The title of this article reminds us of the Christmas carol “O Little Town of Bethlehem.” We know where Bethlehem is and that its history dates back to Jesse, the Father of David. We know that this is where Joseph brought the pregnant Mary and where she gave birth to Jesus, praised by the angels and witnessed by local shepherds as the Son of the Most High.
But Emmaus? It’s hard to pinpoint its location on the map of Israel. The town is mentioned in 1 Maccabees 3:40 as on the plain near the hill country and in 1 Maccabees 3:57, where Judas Maccabeus mustered his Israelite troops to fight and to conquer, against all odds, the Seleucid army of Antiochus Epiphanes in 166 B.C. The battle was viewed by the Judeans as the vindication of the God of Israel over the gods of the Gentile nations. The victory was regarded as an act of redemption of the People of God.
Emmaus is also mentioned in Luke 24:13-35, where the evangelist writes the unique episode of the two disciples walking dejectedly to that town on the evening of the resurrection. They discussed how they (Cleopas and an unnamed disciple) had hoped that “Jesus was the one to redeem Israel.” The word “redeem” in Greek is the same one used by Judas Maccabeus who declared that the Gentiles would come to know that God was the Redeemer of Israel (1 Maccabees 4:11).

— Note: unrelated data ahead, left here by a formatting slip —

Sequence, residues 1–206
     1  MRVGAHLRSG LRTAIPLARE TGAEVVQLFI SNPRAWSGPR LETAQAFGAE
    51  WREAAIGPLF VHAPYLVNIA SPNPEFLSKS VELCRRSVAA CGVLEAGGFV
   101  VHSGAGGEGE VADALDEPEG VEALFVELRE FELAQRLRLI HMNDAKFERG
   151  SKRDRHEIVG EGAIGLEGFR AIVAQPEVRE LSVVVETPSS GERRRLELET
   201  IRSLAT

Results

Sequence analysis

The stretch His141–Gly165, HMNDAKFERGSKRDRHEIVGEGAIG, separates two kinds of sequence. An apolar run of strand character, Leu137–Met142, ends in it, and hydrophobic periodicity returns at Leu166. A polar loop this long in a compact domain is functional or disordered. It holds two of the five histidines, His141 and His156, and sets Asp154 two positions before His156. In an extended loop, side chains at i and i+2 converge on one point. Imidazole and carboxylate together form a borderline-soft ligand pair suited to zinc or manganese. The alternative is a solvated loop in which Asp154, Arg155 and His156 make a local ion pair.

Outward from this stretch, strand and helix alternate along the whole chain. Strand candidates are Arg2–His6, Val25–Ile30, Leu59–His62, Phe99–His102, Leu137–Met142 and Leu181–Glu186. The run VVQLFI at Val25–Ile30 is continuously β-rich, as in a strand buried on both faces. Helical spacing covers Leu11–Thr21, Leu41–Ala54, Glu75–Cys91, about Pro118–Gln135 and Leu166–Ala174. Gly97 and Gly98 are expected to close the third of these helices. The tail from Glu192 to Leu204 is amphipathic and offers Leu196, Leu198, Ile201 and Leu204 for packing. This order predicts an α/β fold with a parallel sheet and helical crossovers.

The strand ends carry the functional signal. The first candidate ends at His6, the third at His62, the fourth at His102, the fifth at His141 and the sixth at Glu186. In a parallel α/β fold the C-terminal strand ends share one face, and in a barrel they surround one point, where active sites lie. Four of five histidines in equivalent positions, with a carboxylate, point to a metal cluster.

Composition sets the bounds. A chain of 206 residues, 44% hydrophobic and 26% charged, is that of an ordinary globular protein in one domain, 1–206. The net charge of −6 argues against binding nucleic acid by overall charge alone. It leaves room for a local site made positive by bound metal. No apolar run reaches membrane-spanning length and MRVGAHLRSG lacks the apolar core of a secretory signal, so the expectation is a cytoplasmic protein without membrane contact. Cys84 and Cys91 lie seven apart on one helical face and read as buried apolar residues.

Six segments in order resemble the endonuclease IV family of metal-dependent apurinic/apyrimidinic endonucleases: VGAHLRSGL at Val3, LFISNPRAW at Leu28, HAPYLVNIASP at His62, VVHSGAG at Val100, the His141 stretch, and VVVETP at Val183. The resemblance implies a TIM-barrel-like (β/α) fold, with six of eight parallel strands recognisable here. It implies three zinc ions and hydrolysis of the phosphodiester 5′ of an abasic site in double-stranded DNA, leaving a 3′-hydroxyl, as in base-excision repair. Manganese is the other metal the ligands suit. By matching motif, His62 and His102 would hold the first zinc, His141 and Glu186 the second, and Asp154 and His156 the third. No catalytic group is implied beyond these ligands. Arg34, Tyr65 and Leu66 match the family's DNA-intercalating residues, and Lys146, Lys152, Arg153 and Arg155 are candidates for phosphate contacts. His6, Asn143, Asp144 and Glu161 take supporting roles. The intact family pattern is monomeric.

The Emmaus story is really about how the risen’ed, but incognito Jesus joined the two along the road and before they reached the town, Jesus opened for them the Hebrew Scriptures about how the Redeemer of Israel had to suffer and die and rise again. Later on, the disciples admitted their hearts “burned” within them that the resonance was so strong. At an inn in the town, they said their eyes were opened at the “breaking of the bread.” Jesus vanished from their eyes, but was present in their hearts. They got up “immediately” to return to Jerusalem to announce what they had heard and seen: “He has Risen!”
The teacher Jesus showed the disciples how to read the scriptures with what the ancient Church Fathers would call “the Fuller Sense” of scripture reading. The format, reading and commentary first, followed by the ritual would become the model for the Eucharist, the other Sacraments and the Liturgy of the Hours.
Now back to the connection between Bethlehem and Emmaus: Luke wrote about both places and in both, Luke referred to the signs pointing to the Messiah. In Luke 2:12: “And this shall be a sign to you, you will find an infant wrapped in swaddling clothes and lying in a manger.” In Luke 24:35: “He was made known to them in the breaking of bread.” Both the shepherds and the two disciples had to admit: “Yes, It is He!”
Do we get it?
About the author: Fr. Robert B. Fisher, SVD, SThD was ordained in the order of SVD in 1965 and received his Doctorate in Theology in 1969. He served as a priest, missionary and professor in the Philippines, Ghana and in the U.S.